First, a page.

It’s exciting to welcome a young dog into your life, but you’re probably wondering about when to start training your puppy and the right order to introduce new experiences and skills. We’ve worked with Petplan’s animal behaviourist Nick Jones, to devise a puppy training timeline for your new pet.
Effective puppy training is all about positive reinforcement - rewarding the behaviour you want with food, play, praise and affection, and ignoring any undesirable behaviour. Punishing a puppy tends to be counterproductive and can damage the dog-owner bond. So keep your commands calm and clear, set consistent behaviour boundaries, and make sure everyone in your household does the same.
The first 8 weeks: Early foundations
For the first eight weeks of life, your puppy needs to stay with their mother and littermates. This gives a dog the best possible start, with plenty of nutritious milk and guidance from mum, as well as key socialisation time with their littermates.
Find out from your puppy’s breeder or rescue centre what sort of training your new pet has had during these early weeks, so you understand the foundation you’re building on and any gaps that need filling. What routine is your puppy used to? Have they had plenty of human contact and handling? Have they experienced travelling in the car and physical examinations by the vet?
8 to 10 weeks: The basics
When you first bring your new puppy home, have a few days when you can give them plenty of attention and focus on their needs. Handle them frequently, introduce them to the family and help them get to know their new home.
‘Start as you mean to continue,’ advises Petplan behaviourist Nick Jones. ‘I place an emphasis on appropriate behaviour as soon as a dog enters my home. It’s not training as such at this stage, but more introducing the puppy to the household and installing the basics.’
Those basics include toilet training your puppy, good mealtime manners and sleep habits, and basic commands such as ‘sit’, ‘stay’ and ‘down’. This is also the time to familiarise your new puppy with their lead and collar, start crate training (if you’re using one), and get them accustomed to household noises like the vacuum cleaner and hairdryer.
‘From 8 to 14 weeks is the key socialisation period, when the brain is maturing. That’s when you want to be making lots of positive introductions to people, animals and situations,’ says Nick. ’Even at eight weeks old, a dog is pretty sharp. They’re motivated by food and praise, and will do pretty much anything for you.’
Puppies need a lot of sleep – as much as 20 hours a day at eight weeks old. Don’t attempt to start training a puppy new skills when they’re tired or hungry, and try not to overwhelm or overstimulate them.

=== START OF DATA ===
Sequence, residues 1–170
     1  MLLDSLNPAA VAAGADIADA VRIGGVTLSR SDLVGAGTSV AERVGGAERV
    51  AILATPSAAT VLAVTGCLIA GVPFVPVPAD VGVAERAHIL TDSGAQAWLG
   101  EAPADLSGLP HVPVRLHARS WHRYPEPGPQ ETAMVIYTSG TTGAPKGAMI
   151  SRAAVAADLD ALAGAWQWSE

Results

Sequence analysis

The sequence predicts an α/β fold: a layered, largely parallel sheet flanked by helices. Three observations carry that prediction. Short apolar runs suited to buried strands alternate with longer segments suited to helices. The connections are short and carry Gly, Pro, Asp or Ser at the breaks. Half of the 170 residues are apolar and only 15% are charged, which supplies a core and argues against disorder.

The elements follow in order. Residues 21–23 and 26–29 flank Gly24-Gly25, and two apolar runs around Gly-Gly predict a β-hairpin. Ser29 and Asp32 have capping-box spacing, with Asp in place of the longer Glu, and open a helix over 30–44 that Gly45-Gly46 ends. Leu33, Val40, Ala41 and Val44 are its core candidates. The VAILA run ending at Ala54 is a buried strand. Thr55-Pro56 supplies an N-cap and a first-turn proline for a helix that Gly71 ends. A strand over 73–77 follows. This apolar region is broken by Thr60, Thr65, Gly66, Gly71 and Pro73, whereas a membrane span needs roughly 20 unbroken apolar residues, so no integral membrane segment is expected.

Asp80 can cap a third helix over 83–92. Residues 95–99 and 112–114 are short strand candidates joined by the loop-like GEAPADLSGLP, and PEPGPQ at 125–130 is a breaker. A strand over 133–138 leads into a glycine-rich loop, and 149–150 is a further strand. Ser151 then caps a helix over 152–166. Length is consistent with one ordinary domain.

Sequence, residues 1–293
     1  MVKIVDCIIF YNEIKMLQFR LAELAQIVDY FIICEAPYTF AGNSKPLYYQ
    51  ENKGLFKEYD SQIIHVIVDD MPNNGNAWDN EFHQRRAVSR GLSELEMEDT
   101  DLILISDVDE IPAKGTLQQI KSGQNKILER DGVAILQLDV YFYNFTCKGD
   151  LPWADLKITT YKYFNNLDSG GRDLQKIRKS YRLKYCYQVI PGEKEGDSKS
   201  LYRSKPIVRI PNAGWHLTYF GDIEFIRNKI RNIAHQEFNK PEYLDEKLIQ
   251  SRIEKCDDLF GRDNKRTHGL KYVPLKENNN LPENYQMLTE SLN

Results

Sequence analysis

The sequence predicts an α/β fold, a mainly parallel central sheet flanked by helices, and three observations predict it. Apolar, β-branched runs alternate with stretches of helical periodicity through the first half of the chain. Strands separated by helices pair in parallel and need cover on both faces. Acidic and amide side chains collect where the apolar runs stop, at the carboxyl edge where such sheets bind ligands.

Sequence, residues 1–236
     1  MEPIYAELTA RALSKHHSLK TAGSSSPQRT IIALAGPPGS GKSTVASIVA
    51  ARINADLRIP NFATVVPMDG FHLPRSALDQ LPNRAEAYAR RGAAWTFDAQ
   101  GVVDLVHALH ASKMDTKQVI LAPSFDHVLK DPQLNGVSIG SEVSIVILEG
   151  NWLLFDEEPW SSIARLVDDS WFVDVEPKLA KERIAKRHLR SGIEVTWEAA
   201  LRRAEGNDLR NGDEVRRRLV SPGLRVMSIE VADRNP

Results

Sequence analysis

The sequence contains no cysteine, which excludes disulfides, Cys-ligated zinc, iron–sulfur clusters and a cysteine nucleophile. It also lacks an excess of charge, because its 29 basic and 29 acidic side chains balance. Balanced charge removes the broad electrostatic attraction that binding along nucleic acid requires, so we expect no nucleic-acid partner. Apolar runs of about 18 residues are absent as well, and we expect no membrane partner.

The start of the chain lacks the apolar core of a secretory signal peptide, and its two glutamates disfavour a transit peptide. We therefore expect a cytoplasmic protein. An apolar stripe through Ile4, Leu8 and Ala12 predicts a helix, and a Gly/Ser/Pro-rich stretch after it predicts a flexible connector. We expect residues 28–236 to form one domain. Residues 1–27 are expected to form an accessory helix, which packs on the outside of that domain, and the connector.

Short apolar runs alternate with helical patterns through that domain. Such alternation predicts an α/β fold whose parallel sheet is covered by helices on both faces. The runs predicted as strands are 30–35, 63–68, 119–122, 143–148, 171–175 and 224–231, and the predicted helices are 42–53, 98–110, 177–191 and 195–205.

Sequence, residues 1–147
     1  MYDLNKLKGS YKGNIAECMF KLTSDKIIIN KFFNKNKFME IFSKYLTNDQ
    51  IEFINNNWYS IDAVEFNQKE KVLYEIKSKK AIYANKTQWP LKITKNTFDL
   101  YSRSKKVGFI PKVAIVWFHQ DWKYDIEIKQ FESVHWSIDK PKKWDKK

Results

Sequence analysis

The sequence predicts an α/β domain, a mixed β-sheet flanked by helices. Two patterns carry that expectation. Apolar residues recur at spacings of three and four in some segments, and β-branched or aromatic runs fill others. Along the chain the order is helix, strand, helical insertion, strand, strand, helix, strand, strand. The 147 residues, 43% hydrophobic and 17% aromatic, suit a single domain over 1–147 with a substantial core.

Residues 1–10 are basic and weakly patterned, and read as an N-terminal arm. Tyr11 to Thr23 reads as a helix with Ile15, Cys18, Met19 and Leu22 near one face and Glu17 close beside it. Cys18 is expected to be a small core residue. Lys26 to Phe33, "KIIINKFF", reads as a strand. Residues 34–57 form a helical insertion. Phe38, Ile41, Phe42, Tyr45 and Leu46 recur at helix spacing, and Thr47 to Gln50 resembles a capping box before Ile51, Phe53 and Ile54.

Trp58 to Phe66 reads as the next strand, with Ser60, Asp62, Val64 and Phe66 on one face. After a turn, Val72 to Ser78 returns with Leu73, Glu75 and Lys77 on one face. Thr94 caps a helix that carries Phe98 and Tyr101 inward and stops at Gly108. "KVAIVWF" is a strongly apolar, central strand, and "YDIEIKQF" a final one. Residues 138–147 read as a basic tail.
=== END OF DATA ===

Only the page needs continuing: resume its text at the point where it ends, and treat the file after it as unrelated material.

10 to 12 weeks: The outside world
By 10 weeks old, your puppy should have a consistent routine and rules at home. These might include not jumping up, not biting when playing, and always sleeping in their bed or crate. Get them used to spending some time alone too, starting with a few minutes and building up to an hour or more.
Although your unvaccinated puppy is too young to go to the park or woods, you can introduce them to new experiences in the safety of your garden or other people’s homes, as long as there’s no other unvaccinated dogs around. Try going out in the wind or rain, or meeting a child or cat for the first time.
This is also the time to get your puppy more used to walking on the lead and bring in additional commands such as ‘heel’ and ‘fetch’.
12 to 16 weeks: Puppy training classes
By 12 weeks old, your puppy should have had a full course of vaccinations, so you can start venturing out together. Introduce them to a wide range of different environments and experiences: public transport and parks; shopping streets and the seaside. If you regularly need to take your dog into a strange environment like a bus or a lift, start while they’re young.
Once your puppy is fully vaccinated and you have the go-ahead from your vet, you can also join a puppy training class. These are not only helpful to build on training, they can also be great opportunities for socilisation with other dogs and people. Good classes can be extremely popular, so it’s worth booking early.
At around three to four months, your puppy’s adult teeth will be coming through. Don’t tolerate biting during play even when they’re experiencing teething discomfort.
16 weeks plus: Advanced training
Age four to six months is when to start training a puppy with some more advanced skills. You could try teaching them to retrieve an object and drop it on demand, or begin dog agility training with tunnels and hurdles.
‘Every dog is an individual and their capabilities and behaviours vary massively depending on their age, breed and background,’ says Nick. ’If you’re struggling with any aspect of dog training, reach out for professional help. Behaviourists like me are likely to have seen most puppy behaviours and we’re used to dealing with the more difficult situations.’
Let us know what training goal you’re working towards with your puppy, by using #PethoodStories on social media.